I was one of two girls, as was my mother, so I assumed my first child would be a daughter. It’s what I knew. One day in the middle of my first pregnancy I actually exclaimed, “Wait! What if it’s a boy?” It took weeks for the idea to occur to me.
My mother-in-law, who gave birth to three boys with a husband who was one of three boys, said, “You’ll have a boy. The Camps have boys.” And I, with the confidence and inexperience of youth, declared I had a 50/50 chance either way (but secretly I knew I’d have a girl, because my family had girls).
It was the first of many times my instincts would prove wrong along the journey of motherhood. I gave birth to not one, not two, but three boys before the mild December day when a girl joined our clan. Ultimately my husband and I would produce an even mix of boys and girls—four of each—but we were parents for ten years before we brought home a baby swaddled in pink.
Although initially I couldn’t imagine having sons, I had started to wonder if we would ever have daughters. I grew up playing softball and was a bit of a tomboy; I loved sitting in the bleachers, watching and keeping score at my sons’ baseball games. Surely God wouldn’t think I didn’t need a girl since I was a good boy mom? I can French braid hair, for goodness’ sake!
Such were the crazy thoughts that filled my head in the years before our first daughter was born. When the ultrasound technician declared our fourth child a girl, I asked, “Would you stake your professional reputation on it?” The answer was yes. I later told my husband I was 95 percent certain we were having another boy. He replied, “I was 99 percent.”
My first daughter and I share the same middle name, a gift from my daddy in honor of the Dallas Cowboys’ star quarterback at the time of my birth, Don Meredith. I never imagined we’d have three more girls or I might have saved it for another daughter’s first name. A fellow boy-mom-who-eventually-had-a-girl told me having a daughter didn’t feel different until around the first birthday, but for me everything was different from day one. I was different, too.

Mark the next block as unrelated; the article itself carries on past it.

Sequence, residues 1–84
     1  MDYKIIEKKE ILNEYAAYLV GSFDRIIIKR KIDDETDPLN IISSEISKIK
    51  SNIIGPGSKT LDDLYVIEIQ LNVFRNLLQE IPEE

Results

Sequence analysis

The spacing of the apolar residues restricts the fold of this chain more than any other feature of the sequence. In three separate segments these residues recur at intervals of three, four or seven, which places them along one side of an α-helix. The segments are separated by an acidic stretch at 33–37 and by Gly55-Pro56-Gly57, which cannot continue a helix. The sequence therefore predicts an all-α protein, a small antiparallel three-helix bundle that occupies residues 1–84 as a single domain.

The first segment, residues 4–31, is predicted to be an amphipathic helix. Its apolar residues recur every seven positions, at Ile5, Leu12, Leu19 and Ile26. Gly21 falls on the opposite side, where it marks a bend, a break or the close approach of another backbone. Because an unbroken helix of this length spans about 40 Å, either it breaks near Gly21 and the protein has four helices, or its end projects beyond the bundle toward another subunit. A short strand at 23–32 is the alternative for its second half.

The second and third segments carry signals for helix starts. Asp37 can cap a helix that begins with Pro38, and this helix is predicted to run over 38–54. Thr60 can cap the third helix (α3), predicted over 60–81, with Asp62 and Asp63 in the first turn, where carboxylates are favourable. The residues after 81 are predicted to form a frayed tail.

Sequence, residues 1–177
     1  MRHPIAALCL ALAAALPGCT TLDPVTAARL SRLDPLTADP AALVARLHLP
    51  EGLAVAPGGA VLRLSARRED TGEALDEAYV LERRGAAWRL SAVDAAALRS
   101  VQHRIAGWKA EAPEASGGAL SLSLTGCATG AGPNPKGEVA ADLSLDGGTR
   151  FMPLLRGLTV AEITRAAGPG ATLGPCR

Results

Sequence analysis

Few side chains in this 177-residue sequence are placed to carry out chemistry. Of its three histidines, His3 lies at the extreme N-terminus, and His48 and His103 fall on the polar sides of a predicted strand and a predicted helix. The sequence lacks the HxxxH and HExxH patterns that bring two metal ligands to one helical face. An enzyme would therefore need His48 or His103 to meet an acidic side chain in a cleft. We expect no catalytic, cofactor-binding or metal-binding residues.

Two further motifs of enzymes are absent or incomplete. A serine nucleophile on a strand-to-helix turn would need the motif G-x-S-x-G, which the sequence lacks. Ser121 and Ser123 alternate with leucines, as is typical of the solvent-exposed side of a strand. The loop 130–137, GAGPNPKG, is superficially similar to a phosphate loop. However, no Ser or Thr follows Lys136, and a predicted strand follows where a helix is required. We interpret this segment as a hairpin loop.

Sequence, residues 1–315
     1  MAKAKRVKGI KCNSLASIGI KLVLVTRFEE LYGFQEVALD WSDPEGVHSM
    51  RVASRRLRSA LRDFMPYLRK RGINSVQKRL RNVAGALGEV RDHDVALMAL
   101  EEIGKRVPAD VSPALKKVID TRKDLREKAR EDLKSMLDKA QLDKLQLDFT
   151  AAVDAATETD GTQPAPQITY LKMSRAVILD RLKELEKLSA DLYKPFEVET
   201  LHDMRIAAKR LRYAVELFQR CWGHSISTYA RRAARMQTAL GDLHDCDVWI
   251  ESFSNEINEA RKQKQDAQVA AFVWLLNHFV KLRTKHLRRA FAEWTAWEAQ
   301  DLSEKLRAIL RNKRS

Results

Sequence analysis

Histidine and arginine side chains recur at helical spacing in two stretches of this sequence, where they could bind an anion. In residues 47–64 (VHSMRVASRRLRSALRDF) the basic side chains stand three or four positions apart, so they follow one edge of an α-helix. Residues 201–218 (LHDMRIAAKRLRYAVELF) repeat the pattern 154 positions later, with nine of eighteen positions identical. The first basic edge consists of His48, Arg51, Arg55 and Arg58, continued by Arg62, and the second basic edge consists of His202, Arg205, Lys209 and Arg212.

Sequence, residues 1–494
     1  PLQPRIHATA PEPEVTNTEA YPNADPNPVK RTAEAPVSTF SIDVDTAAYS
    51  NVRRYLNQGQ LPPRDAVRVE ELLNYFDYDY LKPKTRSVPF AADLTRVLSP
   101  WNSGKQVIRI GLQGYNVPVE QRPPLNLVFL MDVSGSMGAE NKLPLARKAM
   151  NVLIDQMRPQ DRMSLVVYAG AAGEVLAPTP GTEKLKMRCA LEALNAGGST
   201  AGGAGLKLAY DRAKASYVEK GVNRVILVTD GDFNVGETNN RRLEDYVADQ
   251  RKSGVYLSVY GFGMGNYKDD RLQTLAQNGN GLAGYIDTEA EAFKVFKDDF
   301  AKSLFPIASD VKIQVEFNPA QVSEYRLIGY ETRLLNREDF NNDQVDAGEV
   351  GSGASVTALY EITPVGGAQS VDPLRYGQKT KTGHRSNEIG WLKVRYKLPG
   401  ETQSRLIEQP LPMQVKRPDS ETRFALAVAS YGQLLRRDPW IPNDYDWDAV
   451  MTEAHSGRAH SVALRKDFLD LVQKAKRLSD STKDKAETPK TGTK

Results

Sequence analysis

My four girls are each unique. It’s a marvel how the same house and the same parents can produce such different results! And just as we change over the course of our lives, our daughters do, too. The independent child who pushes you away may someday become a hugger who whispers, “I love you.” A mother’s relationship with her daughter may ebb and flow throughout the years, but a mother’s love is constant.
Parenting girls is different for a mother than a father. My mother once told me in her eyes my boys could do no wrong, but she could see right through my girls. She then said that my dad didn’t see how my husband could get upset with our daughters over anything. That mother-son and father-daughter thing is real and also multigenerational.
A mother understands a daughter in ways her husband never can. We remember somersaulting across the lawn, teenage hormones, learning to apply makeup, our first broken heart. The force of our will cannot keep our daughters from repeating our mistakes, and in the moments when they do, it’s hard to recognize that these lessons shape them into the women they’ll become, the same way they shaped us.
Motherhood can deepen our well of empathy; it’s a wise mother whose lips speak comfort rather than, “I told you so.”
With Love, Mom is treasury of stories from mothers to their daughters and from daughters to their mothers (and grandmothers), including pictures of the women and girls that each story represents. You’ll find tales of daughters from newborn to adult; from toddlers to twins to teens; from birth stories to the blessing of adoption; and the courage of the single mother: all accounts of our hopes and our fears for our daughters, and what it means both to bestow and to receive a legacy.
Hear from Rachel Macy Stafford, Holley Gerth, Jennifer Dukes Lee, Wynter Pitts, Rachel Anne Ridge, and more than 30 other beloved voices as they share their personal challenges and parenting memories.
I’m tickled pink that With Love, Mom releases the same week as my oldest daughter’s due date—with my first granddaughter! I wrote stories for each of my four daughters and my mother in this book, and now I’d love to hear from you:
Please share a special memory of your mother or a daughter with us!
Dawn Camp is an Atlanta-based writer, wife, mother of eight, and editor and photographer of four compilations including With Love, Mom and The Gift of Friendship. She enjoys movie date nights with her husband; walks with her kids and her camera; and getting so lost in a good book she forgets to eat, go to the bathroom, or go to bed. She lives with a camera in one hand and a glass of sweet tea in the other and blogs family, faith, and Photoshop at dawncamp.com and also contributes to (in)courage.